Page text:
The USAID program to light 747 houses in the St. Marc communes of Haiti has rested near completion for weeks now. We deployed nine SunBlazer units in August, each with 40 home kits for customers. The units are operating well, and the communities have been excited to have access to affordable electricity. The catch is that 43 customer home kits per unit have been stuck in customs. Anyone who has shipped to Haiti has probably experienced a hiccup at the port, and unfortunately it was our turn to go through the extended process of claiming goods. We should be distributing the additional kits to bring all units up to 83 homes served by each SunBlazer in the next two weeks. With the bad there is always good, and the upside is that the delay allowed the new franchise Operators time to gain experience and run their businesses with fewer homes served. All are ready now to add the new homes, and increase the profitability of their businesses.STAR TIDES demonstrations this year in Washington D.C. STAR TIDES is a DOD funded program that highlights technologies that can be used to stabilize stressed (post-war, post-disaster) communities. The demonstrations proved to be an excellent opportunity for networking amongst shelter/water/energy/communications groups, and Sirona's Director ran a workshop for participants focused on "High Tech Solutions in Low Tech Environments". The talk was geared at how we have successfully deployed our equipment into rural Haiti without suffering any loss due to theft or tampering. For followers of the blog you already know, the answer rests upon the strength of community in rural Haiti. With 83 homes reliant on a station the odds of tampering with the SunBlazer unit has dropped to zero. Giving the community control of the unit has proven a successful method of mitigating those risks.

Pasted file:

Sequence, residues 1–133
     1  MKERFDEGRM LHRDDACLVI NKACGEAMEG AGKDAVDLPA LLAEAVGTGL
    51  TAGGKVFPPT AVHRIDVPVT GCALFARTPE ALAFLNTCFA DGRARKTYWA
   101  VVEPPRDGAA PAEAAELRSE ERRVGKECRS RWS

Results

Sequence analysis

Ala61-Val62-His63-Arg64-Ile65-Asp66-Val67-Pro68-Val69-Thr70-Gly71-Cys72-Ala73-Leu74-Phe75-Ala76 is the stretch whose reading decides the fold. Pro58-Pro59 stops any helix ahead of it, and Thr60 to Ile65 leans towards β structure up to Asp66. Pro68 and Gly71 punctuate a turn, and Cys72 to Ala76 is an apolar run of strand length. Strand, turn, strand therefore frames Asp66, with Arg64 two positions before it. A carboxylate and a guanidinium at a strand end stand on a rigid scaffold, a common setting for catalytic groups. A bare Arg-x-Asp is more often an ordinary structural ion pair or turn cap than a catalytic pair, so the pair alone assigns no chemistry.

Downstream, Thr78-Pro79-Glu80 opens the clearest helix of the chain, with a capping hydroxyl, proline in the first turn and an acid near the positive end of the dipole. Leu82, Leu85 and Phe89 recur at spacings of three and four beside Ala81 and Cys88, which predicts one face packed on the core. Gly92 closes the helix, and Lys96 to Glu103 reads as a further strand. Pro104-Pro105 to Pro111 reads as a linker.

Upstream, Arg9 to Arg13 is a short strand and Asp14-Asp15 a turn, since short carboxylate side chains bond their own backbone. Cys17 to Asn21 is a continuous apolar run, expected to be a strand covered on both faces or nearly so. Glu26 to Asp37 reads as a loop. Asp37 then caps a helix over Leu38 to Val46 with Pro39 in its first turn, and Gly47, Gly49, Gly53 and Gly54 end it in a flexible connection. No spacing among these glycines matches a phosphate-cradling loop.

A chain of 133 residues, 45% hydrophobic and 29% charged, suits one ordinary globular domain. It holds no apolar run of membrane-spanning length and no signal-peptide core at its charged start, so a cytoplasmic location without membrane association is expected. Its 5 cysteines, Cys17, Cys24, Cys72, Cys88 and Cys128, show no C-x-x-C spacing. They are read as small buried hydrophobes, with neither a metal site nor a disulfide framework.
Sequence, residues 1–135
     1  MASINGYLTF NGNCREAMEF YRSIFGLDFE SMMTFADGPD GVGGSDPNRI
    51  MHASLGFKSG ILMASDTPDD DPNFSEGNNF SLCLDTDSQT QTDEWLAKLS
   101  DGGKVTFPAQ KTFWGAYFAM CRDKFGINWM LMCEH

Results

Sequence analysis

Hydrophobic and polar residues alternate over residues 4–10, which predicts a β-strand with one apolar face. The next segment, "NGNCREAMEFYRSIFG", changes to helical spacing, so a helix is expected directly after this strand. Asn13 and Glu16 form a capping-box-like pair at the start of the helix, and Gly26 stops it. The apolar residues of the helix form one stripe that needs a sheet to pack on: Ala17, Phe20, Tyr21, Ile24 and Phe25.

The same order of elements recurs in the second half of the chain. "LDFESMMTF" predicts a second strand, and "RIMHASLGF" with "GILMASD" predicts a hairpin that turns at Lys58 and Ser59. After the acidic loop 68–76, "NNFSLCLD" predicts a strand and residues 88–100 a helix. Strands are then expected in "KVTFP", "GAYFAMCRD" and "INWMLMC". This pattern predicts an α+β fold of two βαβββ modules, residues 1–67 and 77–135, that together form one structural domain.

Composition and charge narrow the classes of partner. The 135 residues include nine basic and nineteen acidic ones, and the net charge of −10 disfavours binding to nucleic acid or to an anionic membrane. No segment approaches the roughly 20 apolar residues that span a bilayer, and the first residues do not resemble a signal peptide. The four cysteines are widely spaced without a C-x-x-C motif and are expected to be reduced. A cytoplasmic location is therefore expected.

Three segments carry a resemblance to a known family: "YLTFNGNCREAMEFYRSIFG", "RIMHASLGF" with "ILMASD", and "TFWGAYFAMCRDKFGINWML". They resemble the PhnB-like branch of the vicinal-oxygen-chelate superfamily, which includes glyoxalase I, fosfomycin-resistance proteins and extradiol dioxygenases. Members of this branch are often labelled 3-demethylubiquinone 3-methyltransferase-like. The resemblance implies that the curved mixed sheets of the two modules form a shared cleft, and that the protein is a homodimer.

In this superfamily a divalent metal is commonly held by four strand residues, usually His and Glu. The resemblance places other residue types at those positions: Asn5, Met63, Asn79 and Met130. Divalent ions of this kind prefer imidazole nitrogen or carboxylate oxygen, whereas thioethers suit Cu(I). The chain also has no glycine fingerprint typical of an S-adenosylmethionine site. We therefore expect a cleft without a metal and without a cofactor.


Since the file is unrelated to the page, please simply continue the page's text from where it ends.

A new company, Sirona Haiti, S.A. was formed to collect revenue from stations and provide for the service technician to visit and repairs to be made as necessary. We have had technical issues with two stations during the past year and support from the IEEE volunteers has been critical. Our biggest challenge has been that of achieving true sustainability. We work in a tough environment, and we provide a new product. Reception of our equipment is very positive, but shifting an informal economy to a formal economy is challenging.
We have experienced the growing pains one would expect: the impact of a missed payment from an Operator, technical issues, port issues, even two hurricanes, flat tires. I am proud of our team, and happy to report that we are in successfully working through these issues as they arise. As the Creyole saying goes: "Piti piti na rive" (little by little we arrive). With new projects on the horizon I say with confidence, we are getting there.
The photo above was taken along the road by one of our team members and texted to me. What you see is a customer with their kit in tow. I'm not sure if they were going to recharge, or to use it in town that evening, all I am sure of is this: a product that we placed in the community is in use, making a difference, and that is a very exciting thing to get a candid photo of.